By “pet peeve,” we mean only a minor disagreement. An annoyance. We find certain things irritating, but they are not deal-breakers. No federal case, no mountains from a molehill. OK to disagree. A personal thing is all.
One. The pastor rises to begin his sermon, and says to the congregation, “Will you stand in honor of the Word of God?”
It sounds noble. It is meant to inspire honor for Holy Scripture.
My question is: So, preacher, do you have them jump up every time you quote a verse of Scripture? Then, why do it at the first? And if you say this practice is scriptural, which it is (Nehemiah 8:5), then why don’t you have them stand up throughout the entire sermon? The Bible says Jesus sat down to preach (Luke 4:20). And somewhere it says the people stood up while he preached.
What it feels like—to me at least—is the preacher is trying to come across as holier than those who do not ask people to stand for the reading of the Word. He saw some other preacher do it and thought it was a good idea. I’m not saying it’s a bad thing, only that it’s unnecessary and may be motivated by less-than-noble motives. But it’s not a deal-breaker. Do it if you feel strongly about it. (Ask them to stand every time you quote a verse, however, and this will go south quickly! Smile, please.)
Two. The preacher opens the service rebuking the congregation.
“Good morning, everyone.” They call out a response. Then he says, “Oh, you can do better than that. I said, GOOD MORNING!” And the congregation gives it a second try.
Or, he says, “God is good,” and the congregation answers “all the time.” Then he rebukes them for a tepid response to his noble declaration.
Better to say it and move on, preacher. Never begin a worship service of the living God by rebuking the worshipers.
Three. The layman who gives a testimony goes on and on and on.
If you’re going to invite an inexperienced speaker to share in the service, pastor, have someone work with him/her in shaping their message and holding it to its time slot. The typical layman has no idea how fleeting time can be when speaking to the congregation. I’ve seen them open with, “They’ve given me five minutes…” and 10 minutes later, they say, “In the time I have remaining….”
Four. Too much talk before a song.
In most cases it’s a guest singer who introduces their song with a story. And almost in every case, it was unnecessary. In fact, it detracts from the effectiveness of their presentation.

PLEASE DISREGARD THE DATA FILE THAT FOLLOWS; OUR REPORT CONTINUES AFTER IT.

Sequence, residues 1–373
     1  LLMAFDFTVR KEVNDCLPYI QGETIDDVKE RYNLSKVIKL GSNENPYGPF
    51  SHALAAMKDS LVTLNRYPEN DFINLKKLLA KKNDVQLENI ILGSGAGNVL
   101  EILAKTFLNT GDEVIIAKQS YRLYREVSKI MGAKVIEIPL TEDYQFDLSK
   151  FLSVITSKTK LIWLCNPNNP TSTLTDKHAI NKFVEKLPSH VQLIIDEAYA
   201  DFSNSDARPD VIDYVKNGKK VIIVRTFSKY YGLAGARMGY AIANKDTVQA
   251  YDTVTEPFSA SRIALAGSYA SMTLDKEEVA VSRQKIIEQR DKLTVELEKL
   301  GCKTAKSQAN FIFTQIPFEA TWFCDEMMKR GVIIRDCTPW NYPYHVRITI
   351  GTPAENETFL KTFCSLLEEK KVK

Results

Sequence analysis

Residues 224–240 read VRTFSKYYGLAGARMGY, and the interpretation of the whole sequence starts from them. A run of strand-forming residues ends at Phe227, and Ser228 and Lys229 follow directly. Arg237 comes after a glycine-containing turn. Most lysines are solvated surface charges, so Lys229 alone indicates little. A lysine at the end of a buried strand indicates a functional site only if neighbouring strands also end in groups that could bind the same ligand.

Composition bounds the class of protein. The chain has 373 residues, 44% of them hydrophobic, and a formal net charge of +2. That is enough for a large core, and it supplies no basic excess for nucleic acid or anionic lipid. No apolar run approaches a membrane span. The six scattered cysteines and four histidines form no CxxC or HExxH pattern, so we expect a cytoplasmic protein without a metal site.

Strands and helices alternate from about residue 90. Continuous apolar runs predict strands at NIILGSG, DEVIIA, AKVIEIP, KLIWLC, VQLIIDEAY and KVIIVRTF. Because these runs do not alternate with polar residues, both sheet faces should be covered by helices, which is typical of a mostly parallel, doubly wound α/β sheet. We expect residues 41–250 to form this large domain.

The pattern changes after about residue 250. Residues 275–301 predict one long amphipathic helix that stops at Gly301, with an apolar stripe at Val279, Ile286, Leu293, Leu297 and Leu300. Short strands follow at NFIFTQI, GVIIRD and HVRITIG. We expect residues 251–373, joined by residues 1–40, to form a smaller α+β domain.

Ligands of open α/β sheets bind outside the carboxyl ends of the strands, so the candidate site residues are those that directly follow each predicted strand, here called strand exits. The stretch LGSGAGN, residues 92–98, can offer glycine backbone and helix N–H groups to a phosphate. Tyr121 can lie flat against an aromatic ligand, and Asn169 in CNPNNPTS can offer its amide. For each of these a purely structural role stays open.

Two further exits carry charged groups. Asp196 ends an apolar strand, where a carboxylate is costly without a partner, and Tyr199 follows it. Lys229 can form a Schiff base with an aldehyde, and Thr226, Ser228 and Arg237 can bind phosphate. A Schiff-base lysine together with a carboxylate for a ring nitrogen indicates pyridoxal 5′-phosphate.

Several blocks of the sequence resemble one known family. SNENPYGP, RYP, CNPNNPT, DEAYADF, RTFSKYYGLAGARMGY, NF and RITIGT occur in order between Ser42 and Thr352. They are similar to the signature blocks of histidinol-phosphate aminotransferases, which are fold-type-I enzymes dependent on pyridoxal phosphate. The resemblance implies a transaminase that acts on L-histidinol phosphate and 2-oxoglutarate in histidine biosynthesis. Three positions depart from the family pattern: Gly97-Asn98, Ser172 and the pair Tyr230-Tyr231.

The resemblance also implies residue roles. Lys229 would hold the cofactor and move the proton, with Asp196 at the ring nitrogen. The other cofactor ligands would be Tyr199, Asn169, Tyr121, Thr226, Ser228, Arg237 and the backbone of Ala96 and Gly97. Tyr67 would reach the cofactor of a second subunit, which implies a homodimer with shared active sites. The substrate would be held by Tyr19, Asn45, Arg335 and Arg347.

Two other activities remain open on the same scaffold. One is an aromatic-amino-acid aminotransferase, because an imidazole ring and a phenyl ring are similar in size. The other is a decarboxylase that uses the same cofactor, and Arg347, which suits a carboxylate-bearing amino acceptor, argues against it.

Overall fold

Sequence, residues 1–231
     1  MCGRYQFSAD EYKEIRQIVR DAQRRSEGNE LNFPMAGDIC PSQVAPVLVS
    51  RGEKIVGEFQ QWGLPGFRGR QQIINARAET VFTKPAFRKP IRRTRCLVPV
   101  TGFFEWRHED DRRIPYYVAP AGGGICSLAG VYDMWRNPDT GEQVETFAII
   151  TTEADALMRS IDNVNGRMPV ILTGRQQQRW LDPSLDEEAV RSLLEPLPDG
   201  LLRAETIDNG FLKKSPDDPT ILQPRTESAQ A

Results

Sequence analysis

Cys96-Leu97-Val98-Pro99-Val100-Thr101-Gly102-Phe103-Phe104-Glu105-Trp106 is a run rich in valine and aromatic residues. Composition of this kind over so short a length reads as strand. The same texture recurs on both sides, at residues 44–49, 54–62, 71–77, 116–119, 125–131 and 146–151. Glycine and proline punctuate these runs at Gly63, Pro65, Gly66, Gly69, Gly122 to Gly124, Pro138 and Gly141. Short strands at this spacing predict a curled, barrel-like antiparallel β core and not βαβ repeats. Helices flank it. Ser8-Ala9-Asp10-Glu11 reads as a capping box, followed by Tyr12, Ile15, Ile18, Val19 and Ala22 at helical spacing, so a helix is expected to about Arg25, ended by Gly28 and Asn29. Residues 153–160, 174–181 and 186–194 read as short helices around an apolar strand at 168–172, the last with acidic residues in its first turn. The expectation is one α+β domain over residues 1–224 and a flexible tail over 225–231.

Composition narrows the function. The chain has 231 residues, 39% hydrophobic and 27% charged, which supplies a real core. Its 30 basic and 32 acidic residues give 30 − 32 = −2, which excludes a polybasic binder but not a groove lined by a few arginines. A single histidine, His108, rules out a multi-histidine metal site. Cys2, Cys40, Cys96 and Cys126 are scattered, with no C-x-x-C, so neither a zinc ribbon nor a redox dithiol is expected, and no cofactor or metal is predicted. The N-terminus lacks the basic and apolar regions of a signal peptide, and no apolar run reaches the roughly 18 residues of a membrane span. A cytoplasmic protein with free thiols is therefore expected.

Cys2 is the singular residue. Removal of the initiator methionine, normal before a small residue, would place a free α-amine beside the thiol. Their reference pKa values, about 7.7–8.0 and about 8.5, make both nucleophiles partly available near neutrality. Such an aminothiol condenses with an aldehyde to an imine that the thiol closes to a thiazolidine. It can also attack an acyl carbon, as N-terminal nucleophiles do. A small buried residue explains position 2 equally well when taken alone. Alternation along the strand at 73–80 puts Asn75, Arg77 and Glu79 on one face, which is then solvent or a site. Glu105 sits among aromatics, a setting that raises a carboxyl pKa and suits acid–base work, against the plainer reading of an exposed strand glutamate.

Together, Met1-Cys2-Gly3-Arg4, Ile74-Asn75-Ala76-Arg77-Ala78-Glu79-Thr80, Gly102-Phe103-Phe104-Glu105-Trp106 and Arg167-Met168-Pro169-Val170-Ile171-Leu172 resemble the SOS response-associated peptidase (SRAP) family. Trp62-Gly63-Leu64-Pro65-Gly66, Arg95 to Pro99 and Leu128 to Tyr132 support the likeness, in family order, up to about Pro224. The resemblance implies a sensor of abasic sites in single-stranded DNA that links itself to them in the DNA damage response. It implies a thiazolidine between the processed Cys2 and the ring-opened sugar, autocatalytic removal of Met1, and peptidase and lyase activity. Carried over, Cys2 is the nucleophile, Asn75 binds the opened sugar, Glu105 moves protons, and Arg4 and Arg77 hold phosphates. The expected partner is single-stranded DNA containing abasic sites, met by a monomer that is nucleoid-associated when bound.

I know why they do it, and you do too. They’re nervous and a brief time of talking will ease their jitters. But they should practice going straight into their song without the banter. A good worship leader will help prepare them to do this. (And will caution the singer not to talk. The preacher will do the talking.)
Five. The person praying forgets he/she is praying on behalf of the congregation.
They say “I pray” and “I ask” and “I make this prayer.” Someone has misinformed them that “you cannot pray for everyone,” or something to that effect. But our Lord taught us to pray “Our Father,” “give us,” “lead us,” “forgive us” and so forth. When praying before a congregation, you are praying on behalf of everyone. So, it’s we and us and our.
Six. The deacon prays “as we take up this offering.”
The problem is only a half dozen men are “taking up” the offering, while a hundred or more are “bringing our offering.” So, the prayer should be “as we bring our offerings today….”
Seven. The invitation is tacked on to the end of the sermon.
The pastor preaches his message and only after finishing it does he mention that “we are inviting you to confess Jesus Christ as your Lord and Savior” or to join the church. For a visitor or newcomer, this would be the first mention of the invitation. Best to mention it earlier in the sermon so people can be prepared.
Eight. The children leave the sanctuary before the sermon.
As the children are exiting—presumably to something called “children’s church”—I think to myself, “Hey, that’s my group! I want to go with them!”
Leave the children in the sanctuary. Let them learn to worship alongside their families. And of course, let the pastor remember the children are in the room and include them in the sermon.
Nine. The song service takes up so much time, people are tired when the pastor rises to preach.
This is my opinion—as are all of these. But ideally, the song service should occupy no more than 20 to 22 minutes, after which the pastor rises to preach. Put the offering after the invitation, next to the announcements. That way, everyone is still fresh when the Word is opened.
Ten. People end their prayer with, “In Your name we pray.”
Show me that one in Scripture. It’s not in there. We are encouraged to pray “in Jesus’ name,” although most prayers in the New Testament do not use that formula.
What it feels like when someone says “in Your name we pray” is they want to leave Jesus out of it. And that’s always serious business to some of us.
That’s my list. What did I leave out that you would have included?
This article originally appeared here.